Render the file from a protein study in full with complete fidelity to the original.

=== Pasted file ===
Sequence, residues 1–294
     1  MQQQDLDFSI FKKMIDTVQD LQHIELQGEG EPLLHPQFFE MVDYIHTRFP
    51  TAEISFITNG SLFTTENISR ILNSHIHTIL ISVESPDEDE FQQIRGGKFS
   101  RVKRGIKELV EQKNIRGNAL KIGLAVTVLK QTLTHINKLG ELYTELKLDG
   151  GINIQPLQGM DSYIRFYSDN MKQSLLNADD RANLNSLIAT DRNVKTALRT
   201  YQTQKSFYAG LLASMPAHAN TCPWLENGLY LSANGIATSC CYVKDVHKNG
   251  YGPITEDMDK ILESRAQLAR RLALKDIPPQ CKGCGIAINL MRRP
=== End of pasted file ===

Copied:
Sequence, residues 1–294
     1  MQQQDLDFSI FKKMIDTVQD LQHIELQGEG EPLLHPQFFE MVDYIHTRFP
    51  TAEISFITNG SLFTTENISR ILNSHIHTIL ISVESPDEDE FQQIRGGKFS
   101  RVKRGIKELV EQKNIRGNAL KIGLAVTVLK QTLTHINKLG ELYTELKLDG
   151  GINIQPLQGM DSYIRFYSDN MKQSLLNADD RANLNSLIAT DRNVKTALRT
   201  YQTQKSFYAG LLASMPAHAN TCPWLENGLY LSANGIATSC CYVKDVHKNG
   251  YGPITEDMDK ILESRAQLAR RLALKDIPPQ CKGCGIAINL MRRP